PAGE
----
Flora Simon sings with them:
http://www.youtube.com/watch?v=weJvuSQ8rtg#ws

All of the Assyrian dialects are pretty close together now, anyway. It doesn't matter if they were originally from Hakkari or Urmia, you can completely comprehend each other, even with the subtle differences. That's why I can completely understand Flora Simon.


My post about what's more or less Assyrian was more towards Mrzurnaci (though I happened to have it under your quotes).

And yes, I actually agree that they can be an overkill - the "ch" and "th". At times it gets rather funny. Flora Simon overdoes it too. Ramsen Shino is an Iraqi Koine speaker but he uses them in some of his songs (Dushala, La Gkhook) - I guess to garner the Tyarayeh's attention. But then again, some people just naturally speak that way.

I speak the so-called "Iraqi Koine", as does my family and relatives. So we don't say the "ch" and "th" (some may use "ch", like my late grandma, due to her Urmi background). Incidentally, the Urmian's use of "v" does sound a little pesky (warda = varda).

For me anyway, what matters the most is that we dropped the guttural H and Eh. Though some of our traditional hymns retains them. For example, they are heard in this Linda George liturgical song (just the guttural 'eh', and "th"). For the untrained ear it sounds Arabic (yes, yes, we know that Syriac came before it, but we would be confused with Arabic either way since everyone knows how it sounds, unlike Syriac):


« Last Edit: February 08, 2015, 10:09:05 PM by privatebenjamin »
It is not the strongest of the species that survive, nor the most intelligent, but the one most responsive to change. - Charles Darwin

Offline GonzaE

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Syriac language
« Reply #42 on: April 15, 2016, 11:59:29 AM »
"Your people are the product of multiple migrations, just like everyone else. Your language was bequeathed to you by one of those migrating groups."

Dear Angela
What abouth "your pople"?
Publicaron una buena entrada acerca de vardenafilo y sus contraindicaciones y algunos datos sobre Cialis y sus efectos.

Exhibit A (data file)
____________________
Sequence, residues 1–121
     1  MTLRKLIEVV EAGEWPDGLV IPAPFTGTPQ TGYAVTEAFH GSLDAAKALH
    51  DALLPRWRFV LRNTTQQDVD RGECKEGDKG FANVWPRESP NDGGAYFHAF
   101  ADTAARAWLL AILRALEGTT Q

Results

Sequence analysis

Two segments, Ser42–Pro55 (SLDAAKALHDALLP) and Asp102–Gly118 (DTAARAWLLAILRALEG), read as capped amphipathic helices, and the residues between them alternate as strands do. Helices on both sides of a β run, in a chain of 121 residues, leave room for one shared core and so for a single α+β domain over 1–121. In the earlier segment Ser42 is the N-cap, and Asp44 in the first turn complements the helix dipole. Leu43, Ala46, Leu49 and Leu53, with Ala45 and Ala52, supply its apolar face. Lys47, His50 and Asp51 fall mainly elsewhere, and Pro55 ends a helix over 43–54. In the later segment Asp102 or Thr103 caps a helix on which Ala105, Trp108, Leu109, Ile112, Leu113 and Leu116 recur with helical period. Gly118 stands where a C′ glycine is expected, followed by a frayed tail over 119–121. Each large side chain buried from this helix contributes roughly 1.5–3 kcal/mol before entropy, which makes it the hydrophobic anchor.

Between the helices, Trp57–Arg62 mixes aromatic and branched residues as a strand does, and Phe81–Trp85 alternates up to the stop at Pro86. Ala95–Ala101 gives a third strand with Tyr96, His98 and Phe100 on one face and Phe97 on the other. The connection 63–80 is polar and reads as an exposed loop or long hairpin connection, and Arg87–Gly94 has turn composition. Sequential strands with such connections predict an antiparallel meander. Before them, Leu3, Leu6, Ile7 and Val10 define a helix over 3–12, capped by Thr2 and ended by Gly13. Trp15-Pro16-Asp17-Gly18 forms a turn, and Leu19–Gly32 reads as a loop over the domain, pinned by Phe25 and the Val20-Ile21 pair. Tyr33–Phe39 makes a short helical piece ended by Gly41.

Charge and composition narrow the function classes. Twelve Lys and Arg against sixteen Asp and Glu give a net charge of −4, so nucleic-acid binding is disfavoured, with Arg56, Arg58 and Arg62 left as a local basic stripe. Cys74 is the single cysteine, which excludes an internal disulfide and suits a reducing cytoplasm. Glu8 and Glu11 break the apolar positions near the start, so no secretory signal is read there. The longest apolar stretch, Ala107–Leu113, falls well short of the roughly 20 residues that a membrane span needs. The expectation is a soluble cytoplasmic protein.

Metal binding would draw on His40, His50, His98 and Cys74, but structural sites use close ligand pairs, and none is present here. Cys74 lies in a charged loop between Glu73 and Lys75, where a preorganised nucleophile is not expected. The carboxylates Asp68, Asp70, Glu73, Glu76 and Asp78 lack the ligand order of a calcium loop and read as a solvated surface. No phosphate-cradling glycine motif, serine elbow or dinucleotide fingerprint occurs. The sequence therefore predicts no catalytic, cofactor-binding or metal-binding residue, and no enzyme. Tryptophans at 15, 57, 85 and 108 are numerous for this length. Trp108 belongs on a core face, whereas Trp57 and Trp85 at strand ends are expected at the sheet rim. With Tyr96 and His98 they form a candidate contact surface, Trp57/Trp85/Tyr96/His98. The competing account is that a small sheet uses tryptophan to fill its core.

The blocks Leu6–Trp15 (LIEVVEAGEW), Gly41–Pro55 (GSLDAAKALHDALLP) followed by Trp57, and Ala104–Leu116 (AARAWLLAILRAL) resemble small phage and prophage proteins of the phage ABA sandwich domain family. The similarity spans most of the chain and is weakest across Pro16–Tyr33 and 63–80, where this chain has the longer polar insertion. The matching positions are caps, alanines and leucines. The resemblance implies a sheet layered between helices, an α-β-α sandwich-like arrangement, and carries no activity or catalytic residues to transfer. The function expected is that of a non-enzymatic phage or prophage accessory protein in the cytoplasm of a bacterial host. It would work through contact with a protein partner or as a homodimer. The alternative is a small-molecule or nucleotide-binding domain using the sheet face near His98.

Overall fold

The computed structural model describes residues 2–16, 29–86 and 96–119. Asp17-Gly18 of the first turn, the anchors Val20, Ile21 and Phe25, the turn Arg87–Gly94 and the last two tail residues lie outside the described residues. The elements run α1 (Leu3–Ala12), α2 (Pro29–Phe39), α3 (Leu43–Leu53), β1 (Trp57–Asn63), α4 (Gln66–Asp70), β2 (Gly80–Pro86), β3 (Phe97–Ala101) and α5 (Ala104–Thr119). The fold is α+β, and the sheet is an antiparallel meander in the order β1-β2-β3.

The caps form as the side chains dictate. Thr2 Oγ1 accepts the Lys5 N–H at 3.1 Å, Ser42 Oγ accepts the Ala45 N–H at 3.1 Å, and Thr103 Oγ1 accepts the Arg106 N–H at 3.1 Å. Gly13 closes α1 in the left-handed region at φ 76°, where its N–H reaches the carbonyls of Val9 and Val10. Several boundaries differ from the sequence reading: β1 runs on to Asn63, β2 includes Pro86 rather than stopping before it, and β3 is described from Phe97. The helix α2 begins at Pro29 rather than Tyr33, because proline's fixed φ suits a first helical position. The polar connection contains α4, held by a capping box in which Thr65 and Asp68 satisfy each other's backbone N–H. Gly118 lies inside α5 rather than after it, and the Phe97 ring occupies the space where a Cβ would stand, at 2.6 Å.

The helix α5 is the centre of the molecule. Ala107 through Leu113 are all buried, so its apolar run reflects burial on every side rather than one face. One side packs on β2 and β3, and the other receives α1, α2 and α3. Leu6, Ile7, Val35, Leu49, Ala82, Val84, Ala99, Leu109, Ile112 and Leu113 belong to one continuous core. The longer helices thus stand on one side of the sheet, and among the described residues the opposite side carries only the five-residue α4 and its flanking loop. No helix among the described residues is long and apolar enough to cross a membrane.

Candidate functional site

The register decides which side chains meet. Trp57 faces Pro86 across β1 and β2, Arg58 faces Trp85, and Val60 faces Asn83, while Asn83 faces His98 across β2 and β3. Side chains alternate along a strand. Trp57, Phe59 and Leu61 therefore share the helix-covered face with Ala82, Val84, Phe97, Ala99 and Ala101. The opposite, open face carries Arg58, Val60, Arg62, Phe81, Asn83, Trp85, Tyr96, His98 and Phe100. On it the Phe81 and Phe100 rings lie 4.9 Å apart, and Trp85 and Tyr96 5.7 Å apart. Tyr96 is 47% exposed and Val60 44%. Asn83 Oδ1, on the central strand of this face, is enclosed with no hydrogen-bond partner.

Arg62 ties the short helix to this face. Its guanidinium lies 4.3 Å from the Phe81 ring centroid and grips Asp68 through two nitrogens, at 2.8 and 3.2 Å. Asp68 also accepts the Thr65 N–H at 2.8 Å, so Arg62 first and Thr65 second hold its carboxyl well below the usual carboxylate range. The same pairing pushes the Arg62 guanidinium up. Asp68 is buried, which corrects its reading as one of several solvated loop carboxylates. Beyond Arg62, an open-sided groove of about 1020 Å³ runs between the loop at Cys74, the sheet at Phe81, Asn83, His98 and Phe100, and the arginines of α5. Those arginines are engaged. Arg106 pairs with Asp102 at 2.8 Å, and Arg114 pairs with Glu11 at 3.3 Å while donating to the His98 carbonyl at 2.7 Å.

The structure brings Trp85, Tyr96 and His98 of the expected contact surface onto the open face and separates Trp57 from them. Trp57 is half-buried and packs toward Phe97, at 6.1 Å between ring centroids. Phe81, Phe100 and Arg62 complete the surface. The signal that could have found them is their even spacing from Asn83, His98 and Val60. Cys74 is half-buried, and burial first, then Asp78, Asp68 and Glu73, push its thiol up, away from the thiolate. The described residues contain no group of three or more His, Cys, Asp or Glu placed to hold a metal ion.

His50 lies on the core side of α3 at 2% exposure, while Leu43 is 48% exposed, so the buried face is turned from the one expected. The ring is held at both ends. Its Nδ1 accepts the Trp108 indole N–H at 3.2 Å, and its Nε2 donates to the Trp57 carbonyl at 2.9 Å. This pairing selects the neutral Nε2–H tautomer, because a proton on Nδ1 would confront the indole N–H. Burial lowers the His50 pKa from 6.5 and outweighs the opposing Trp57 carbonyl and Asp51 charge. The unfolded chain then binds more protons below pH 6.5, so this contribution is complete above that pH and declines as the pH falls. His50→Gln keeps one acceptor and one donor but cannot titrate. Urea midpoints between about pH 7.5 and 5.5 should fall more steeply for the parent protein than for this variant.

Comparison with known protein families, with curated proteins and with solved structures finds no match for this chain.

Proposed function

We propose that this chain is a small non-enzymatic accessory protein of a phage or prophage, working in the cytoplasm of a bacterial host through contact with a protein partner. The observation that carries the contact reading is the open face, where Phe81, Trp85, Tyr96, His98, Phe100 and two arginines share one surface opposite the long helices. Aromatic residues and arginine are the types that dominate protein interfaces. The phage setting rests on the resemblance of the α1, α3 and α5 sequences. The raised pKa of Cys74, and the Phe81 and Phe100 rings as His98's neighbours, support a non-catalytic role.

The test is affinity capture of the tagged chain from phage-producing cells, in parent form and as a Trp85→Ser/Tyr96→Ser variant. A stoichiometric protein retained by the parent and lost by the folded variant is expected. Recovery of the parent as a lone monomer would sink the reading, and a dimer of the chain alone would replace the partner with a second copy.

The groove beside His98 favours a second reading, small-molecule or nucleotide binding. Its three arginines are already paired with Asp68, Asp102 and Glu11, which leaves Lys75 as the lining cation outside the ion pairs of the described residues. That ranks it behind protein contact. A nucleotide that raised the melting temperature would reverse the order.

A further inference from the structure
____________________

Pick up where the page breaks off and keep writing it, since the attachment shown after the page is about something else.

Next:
Offline Sharukinu

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Re: Syriac language
« Reply #43 on: May 17, 2016, 01:40:52 PM »
Bringing up old english? lmao, my MOM made the same excuse/argument.

English is a clusterf**k of other languages and roots...

Syriac is not. There's a specific reason why ALL Syriac letters have their own, distinct sounds...

Maybe we don't have to go back to Classical Syriac but the idea is to revive our old sounds.

ܚ - There's a good reason Kheth sounds like the "Arabic-style" as you put it, Guttural H.

In Sureth, we modify Kaph to become the Kha sound. We seriously do not need two "kha" sounds.

Same thing with ܒ going from Veth to Weth. Why do we need another W sound when we have Waw?

WHAT WERE THEY THINKING? The idea is to revive aspects of the Syriac language that shouldn't have died out.

Are you seriously telling me that Syriac would've still formed into Assyrian Neo-Aramaic whether or not the Muslims destroyed our education institutions?

I highly doubt Syriac would've become like this and that's what I want to correct.



I've already passionately felt the same way ....we just need a means to reform and standardise the language.
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Offline mrzurnaci

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Re: Syriac language
« Reply #44 on: May 17, 2016, 06:41:11 PM »

I've already passionately felt the same way ....we just need a means to reform and standardise the language.

standardized with a standard dialect. A single dialect that is accepted by both West and Eastern dialect speaking Assyrians of all churches!